An alternative embodiment of the present invention using the dedicated module 170 is illustrated in FIG. 18. Similar to the embodiment illustrated in FIG. 16, the transmission device 172 is present that transmits the original signal 174. This original signal 174 is received by the dedicated module 170. In addition, the original signal 174 will reflect off the subject 2 in the form of the reflected phase modulated signal 176. The original signal 174 and the reflected signal 176 are received, coupled and mixed by the dedicated module 170. The mixing of the original signal 174 and the reflected signal 176 produces the low frequency output signal that is communicated to the interface 190.

As is illustrated in FIG. 18, the interface 190 does not interface with the transmission device 172 by way of wire. In the case where the transmission device 172 has capabilities to receive audible signals, such as a low frequency signal converted into an audible signal, a wire direct connect would not be necessary. For example, where the transmission device 172 is a conventional wireless/cordless telephone, if the dedicated module 170 is in close proximity with the conventional wireless/cordless telephone, and the interface 190 has built in technology to produce an audible tone, then the microphone thereof may be used to process the audible output signal that is for sending to the presentation device 30 for dissemination.

Similarly, the interface 190 may be infrared capable so that the low frequency signal is communicated to the transmission device 172 by way of an infrared signal. Alternatively, the interface 190 may be Bluetooth, or the like, capable and thereby communicate the low frequency signal using RF to the transmission device 172.

The interface 190 in combination with the dedicated module 170 may be designed to operate without the use of a separate transmission device 172. For example, the interface 190 and the dedicated module 170 may be integrated in a Personal Computer Memory Card International Association (PCMCIA) that has radio transmission capabilities. For example, PCMCIA cards currently have the capability to interface with wireless network routers that have connectivity to various networks and/or the Internet. Using the same principles discussed hereinabove in conjunction with FIGS. 16-18, the radio signals of the PCMCIA card may be used to produce the low frequency output signal. Using known technology appreciated by those skilled in the art, such as an A/D converter, the interface 190 would convert the low frequency output signal to a digital signal for transmission as packets or the like over the network and/or the internet. Ultimately, this digital signal would be received and processed by the presentation device 30 for dissemination of the data obtained from the subject 2. Alternatively, the device with which the PCMCIA card is interfaced may be implemented with software or hardware capable of dissemination of the data obtained from the subject 2. In this case, transmission of the digital signal over a network and/or Internet would not be necessary.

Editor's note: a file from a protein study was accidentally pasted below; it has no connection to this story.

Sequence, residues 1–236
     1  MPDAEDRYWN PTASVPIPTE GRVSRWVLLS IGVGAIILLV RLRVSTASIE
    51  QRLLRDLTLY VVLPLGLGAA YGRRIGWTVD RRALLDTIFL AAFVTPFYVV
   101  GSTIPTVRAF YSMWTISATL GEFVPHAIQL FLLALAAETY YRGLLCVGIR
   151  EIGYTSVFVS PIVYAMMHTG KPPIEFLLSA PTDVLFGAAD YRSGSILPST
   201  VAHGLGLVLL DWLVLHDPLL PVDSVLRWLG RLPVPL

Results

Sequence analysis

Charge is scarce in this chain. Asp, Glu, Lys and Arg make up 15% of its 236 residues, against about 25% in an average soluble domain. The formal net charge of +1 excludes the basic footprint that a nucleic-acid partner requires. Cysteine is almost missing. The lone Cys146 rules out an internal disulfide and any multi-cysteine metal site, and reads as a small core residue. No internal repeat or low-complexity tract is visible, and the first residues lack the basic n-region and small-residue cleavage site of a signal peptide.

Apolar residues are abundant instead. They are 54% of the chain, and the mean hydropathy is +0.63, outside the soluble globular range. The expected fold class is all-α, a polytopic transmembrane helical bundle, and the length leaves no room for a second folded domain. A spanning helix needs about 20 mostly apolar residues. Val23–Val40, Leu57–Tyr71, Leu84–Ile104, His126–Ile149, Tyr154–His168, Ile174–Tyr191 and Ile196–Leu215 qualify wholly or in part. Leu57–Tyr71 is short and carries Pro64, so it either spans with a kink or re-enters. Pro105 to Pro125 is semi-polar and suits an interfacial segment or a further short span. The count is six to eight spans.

Similar standalone apparatus and connecting apparatus incorporating the discussed technology associated with the PCMCIA card and the present invention may be implemented by those skilled in the art. For example, the dedicated module 170 and transmission capable circuitry may be incorporated on a computer Peripheral Component Interconnect (PCI) card for use with current and future hardware.

Wireless LAN Adapters

A wireless LAN adapter replaces the wired computer link (e.g., Ethernet) with a wireless link. As with wireless phones, wireless LAN adapters have built-in carrier wave sources that, in the present invention, are used to provide the measurement interrogation signal. For those wireless LAN adapters operating in the same frequency duplex manner as wireless phones, the same modifications discussed above with respect to wireless phones would allow implementing those wireless LAN adapters in the system of the present invention. Moreover, wireless LAN adapters could readily be implemented in connection with the dedicated module 170, as in the example discussed in relation to PCMCIA embodiment.

Some wireless LAN adapters like Lucent Technologies' WaveLAN card use a time-duplex system, which means that a signal cannot be simultaneously transmitted and received. However, the WaveLAN card employs two antennas in a diversity system as shown in FIG. 5. Namely, as shown in FIG. 5, the WaveLAN card 70 includes first and second antennas 72 and 74 connected to a diversity system 76. The input/output of the diversity system 76 is connected to a transmit/receive (T/R) switch 78, and the transmitter/receiver architecture 80 is connected to the T/R switch 78. When transmitting, the T/R switch 78 connects the transmitter portion of the transmitter/receiver architecture 80 with the antenna 72 through the diversity switching system 76. When receiving, the T/R switch 78 connects the receiver portion of the transmitter/receiver architecture 80 with the antennas 72 and 74 through the diversity switching system 76.

Through software or hardware modifications, the antennas operate as separate transmit and receive antennas for performing transmission and reception simultaneously during the non-invasive measuring as shown in FIG. 6. Specifically, in the modified WaveLAN card according to one embodiment of the present invention, the T/R switch 78 is redesigned to operate in a non-invasive measuring mode such that, as shown in FIG. 6, the transmitter and receiver portions of the transmitter/receiver architecture 80 are each connected to a respective one of the first and second antennas 72 and 74. FIG. 6 is conceptual block diagram of the wireless LAN adapter's operation in the measuring mode, consequently, the T/R switch 78 has been eliminated from the figure for the sake of clarity.